Guest Commentary / January 21, 2022

It’s a Growing Thing

“You are not Maggy. Your true name is Magdalene. Go home to your parents. You will be thankful.”

By Douglas Daugherty

At 17 years of age, Maggy stared at the far Mount Glen as the sunset first turned pink and dusk began. She thought, “That’s my life.” She was dressed in a faded pink cotton dress with washed-out tiny white flowers. Her shoulder-length hair was black but curled, around her sugary brown face with chestnut brown eyes and a perfect but somewhat snub-nose. She was a slight, pretty girl.

There was a chill in the night air.

Just outside of Tombstone in the Arizona Territory in 1889, Maggy was almost “growed,” she thought to herself. She would soon be 18, the oldest of nine children, two of whom had died young — Trenton at two from a snake bite, “Blond Bill” at four from yellow fever.

She was tired of the hard life. It was a growing thing. Life was rough in this part of the world, she had heard. Wouldn’t been much here if'n they hadn’t discovered the silver. Her Paw, Marish Stead, had come to this seemingly godforsaken place about 20 years ago as a tall, thin Methodist preacher. Silver had been discovered in 1858. Later the Goodenough, Contention, Toughnut, and Grand Central mines thrived. Times could be hard in a boom-and-bust town like Tombstone. Over 100 saloons, she’d been told. And “Oh,” she thought, “I’ve seen plenty of churches … but never been inside a saloon.”

Her Mom, Galilahi — Paw called her Gal for short — was a full-blooded Chiricahua, from the family of the great warrior chief Cochise. Her bare feet felt the dust beneath them as she thought of her parents’ courtship. Paw had been about 24 when he married Galilahi, who was 18. The Stead family were all growing in a small faded yellow house with white shutters, working hard for everything, praying like it was their only hope. But they had scraped by.

Paw had lost an arm, blown halfway off by a shotgun blast from a drunken cowboy who was furious that anybody from Arizona couldn’t support the Southern states during the American Civil War.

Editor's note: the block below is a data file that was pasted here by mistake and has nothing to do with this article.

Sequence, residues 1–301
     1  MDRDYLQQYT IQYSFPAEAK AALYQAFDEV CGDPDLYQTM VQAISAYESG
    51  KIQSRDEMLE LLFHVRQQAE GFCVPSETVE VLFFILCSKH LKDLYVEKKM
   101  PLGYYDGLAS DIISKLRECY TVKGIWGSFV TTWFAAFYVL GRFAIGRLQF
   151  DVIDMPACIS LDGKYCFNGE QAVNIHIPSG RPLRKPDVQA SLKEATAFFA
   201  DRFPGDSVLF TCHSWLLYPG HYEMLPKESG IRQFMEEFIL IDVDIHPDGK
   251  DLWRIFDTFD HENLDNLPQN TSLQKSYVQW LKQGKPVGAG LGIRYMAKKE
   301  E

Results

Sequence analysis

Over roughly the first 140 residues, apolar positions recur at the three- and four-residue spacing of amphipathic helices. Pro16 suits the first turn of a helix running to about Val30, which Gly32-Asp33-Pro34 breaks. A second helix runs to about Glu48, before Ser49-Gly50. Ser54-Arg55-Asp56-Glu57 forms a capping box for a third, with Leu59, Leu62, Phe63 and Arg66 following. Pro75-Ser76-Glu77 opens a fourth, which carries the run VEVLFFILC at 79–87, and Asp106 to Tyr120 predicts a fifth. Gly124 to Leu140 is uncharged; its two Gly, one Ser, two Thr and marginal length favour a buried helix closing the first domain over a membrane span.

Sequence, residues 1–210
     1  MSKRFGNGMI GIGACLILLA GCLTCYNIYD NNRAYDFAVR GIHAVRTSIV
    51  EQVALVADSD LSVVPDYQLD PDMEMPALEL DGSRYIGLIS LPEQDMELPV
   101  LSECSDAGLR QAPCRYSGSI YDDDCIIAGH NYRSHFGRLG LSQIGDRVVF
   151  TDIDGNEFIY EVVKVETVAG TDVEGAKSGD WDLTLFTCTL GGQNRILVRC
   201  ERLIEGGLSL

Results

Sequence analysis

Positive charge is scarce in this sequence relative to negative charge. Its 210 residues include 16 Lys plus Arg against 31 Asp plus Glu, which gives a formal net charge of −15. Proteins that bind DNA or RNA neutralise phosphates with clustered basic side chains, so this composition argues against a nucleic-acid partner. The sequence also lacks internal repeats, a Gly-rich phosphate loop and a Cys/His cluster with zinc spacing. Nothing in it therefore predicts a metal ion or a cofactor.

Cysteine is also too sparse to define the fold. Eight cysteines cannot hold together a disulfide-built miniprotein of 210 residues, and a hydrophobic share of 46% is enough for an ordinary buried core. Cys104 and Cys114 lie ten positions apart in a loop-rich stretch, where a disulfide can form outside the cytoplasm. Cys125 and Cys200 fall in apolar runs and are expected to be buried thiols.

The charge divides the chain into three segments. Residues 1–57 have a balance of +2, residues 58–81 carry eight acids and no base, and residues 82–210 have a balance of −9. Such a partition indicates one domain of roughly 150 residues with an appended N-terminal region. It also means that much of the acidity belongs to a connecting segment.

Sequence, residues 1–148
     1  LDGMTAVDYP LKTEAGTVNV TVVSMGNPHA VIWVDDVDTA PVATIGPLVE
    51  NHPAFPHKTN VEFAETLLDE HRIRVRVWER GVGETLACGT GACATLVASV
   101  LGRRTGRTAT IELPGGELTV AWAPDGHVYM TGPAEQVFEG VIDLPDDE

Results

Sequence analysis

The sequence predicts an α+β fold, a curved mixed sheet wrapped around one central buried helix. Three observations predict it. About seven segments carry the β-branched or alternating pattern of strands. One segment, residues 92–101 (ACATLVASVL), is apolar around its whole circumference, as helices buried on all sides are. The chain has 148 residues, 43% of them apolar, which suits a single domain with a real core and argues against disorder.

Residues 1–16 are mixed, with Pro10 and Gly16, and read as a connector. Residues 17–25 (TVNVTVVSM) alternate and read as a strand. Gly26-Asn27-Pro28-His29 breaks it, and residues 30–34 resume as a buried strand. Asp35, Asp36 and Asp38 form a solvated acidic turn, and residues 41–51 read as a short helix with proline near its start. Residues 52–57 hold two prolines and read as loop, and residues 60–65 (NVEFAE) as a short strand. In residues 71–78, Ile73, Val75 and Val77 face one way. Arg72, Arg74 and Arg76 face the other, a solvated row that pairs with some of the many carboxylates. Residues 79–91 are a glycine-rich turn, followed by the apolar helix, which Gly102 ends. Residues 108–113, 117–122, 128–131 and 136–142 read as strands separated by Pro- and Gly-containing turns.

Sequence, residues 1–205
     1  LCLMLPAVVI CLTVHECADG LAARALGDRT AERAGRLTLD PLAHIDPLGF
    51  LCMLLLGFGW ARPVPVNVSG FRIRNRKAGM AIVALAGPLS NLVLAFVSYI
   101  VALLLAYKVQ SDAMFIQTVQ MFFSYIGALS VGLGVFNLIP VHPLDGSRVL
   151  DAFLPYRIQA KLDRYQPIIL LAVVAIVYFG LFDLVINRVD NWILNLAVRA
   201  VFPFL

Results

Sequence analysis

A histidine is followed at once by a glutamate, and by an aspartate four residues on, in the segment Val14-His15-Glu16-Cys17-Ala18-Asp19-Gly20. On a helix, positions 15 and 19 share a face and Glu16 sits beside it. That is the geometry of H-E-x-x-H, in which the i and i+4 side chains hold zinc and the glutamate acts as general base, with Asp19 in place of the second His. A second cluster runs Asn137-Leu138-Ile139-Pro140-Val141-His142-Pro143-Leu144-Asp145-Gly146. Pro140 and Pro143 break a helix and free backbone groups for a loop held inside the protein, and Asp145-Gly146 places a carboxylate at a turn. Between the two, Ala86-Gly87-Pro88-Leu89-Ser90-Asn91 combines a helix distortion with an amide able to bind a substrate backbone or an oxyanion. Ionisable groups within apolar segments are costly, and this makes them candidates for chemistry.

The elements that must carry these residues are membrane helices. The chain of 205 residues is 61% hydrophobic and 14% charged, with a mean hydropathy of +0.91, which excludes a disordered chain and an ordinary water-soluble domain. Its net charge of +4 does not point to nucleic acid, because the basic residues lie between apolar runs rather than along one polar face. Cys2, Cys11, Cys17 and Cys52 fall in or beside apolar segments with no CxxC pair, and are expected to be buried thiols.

It helped when Grandpa Stead had come west after them for the silver. He lived next to the barn in a small house he had built. And, oh, the visit from Costuni, her Mom’s Pa, though infrequent, made the whole world brighter. He would tell her of the ways of the desert, the mountains, and the lake as they sat under the moon at night. He would say, “The earth and water and all things speak to me.” It would always stir a wand'rin in her. She wanted something to speak to her, but what would they say? She also wanted to go … but where? There had to be a better life away from the Arizona desolation. Perhaps she could, like Ma, find a husband. That thought stirred her, too. “It was a grow'n thang,” she thought.

But tomorrow it would be different. For once her Pa was letting her go with some of the older girls to a concert of sorts at Schieffelin Hall. Perhaps Ma would have that new dress made by then, she thought as she walked slowly home as the moon started to rise. “Maybe,” she said out loud, “Maybe.”

The next day began as usual, chores and taking care of smaller siblings. Pa was working on his “Sunday Speaking,” he called it, for the tiny church in the woods by Lake Cochise. It was hard doing the farm work with one arm. He and Ma always seemed to get by with the older children’s help.